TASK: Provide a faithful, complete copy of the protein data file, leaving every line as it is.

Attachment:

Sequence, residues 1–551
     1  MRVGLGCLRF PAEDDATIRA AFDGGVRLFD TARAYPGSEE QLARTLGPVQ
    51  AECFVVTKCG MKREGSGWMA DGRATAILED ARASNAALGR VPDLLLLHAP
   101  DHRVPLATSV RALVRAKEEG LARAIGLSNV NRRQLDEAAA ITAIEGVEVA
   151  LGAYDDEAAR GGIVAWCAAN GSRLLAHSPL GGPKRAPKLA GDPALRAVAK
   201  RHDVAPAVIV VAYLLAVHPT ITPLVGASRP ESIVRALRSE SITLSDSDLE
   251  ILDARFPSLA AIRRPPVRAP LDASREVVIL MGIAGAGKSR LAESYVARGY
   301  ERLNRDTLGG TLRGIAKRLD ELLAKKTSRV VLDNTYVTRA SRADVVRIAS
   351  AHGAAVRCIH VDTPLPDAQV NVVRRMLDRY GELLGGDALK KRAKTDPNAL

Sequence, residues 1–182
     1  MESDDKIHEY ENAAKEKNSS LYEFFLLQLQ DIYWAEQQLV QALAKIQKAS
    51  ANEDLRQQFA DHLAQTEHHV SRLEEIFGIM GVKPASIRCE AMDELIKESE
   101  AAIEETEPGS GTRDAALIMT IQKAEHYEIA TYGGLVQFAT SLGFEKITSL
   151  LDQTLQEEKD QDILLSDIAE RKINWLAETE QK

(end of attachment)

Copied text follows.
Sequence, residues 1–551
     1  MRVGLGCLRF PAEDDATIRA AFDGGVRLFD TARAYPGSEE QLARTLGPVQ
    51  AECFVVTKCG MKREGSGWMA DGRATAILED ARASNAALGR VPDLLLLHAP
   101  DHRVPLATSV RALVRAKEEG LARAIGLSNV NRRQLDEAAA ITAIEGVEVA
   151  LGAYDDEAAR GGIVAWCAAN GSRLLAHSPL GGPKRAPKLA GDPALRAVAK
   201  RHDVAPAVIV VAYLLAVHPT ITPLVGASRP ESIVRALRSE SITLSDSDLE
   251  ILDARFPSLA AIRRPPVRAP LDASREVVIL MGIAGAGKSR LAESYVARGY
   301  ERLNRDTLGG TLRGIAKRLD ELLAKKTSRV VLDNTYVTRA SRADVVRIAS
   351  AHGAAVRCIH VDTPLPDAQV NVVRRMLDRY GELLGGDALK KRAKTDPNAL

Sequence, residues 1–182
     1  MESDDKIHEY ENAAKEKNSS LYEFFLLQLQ DIYWAEQQLV QALAKIQKAS
    51  ANEDLRQQFA DHLAQTEHHV SRLEEIFGIM GVKPASIRCE AMDELIKESE
   101  AAIEETEPGS GTRDAALIMT IQKAEHYEIA TYGGLVQFAT SLGFEKITSL
   151  LDQTLQEEKD QDILLSDIAE RKINWLAETE QK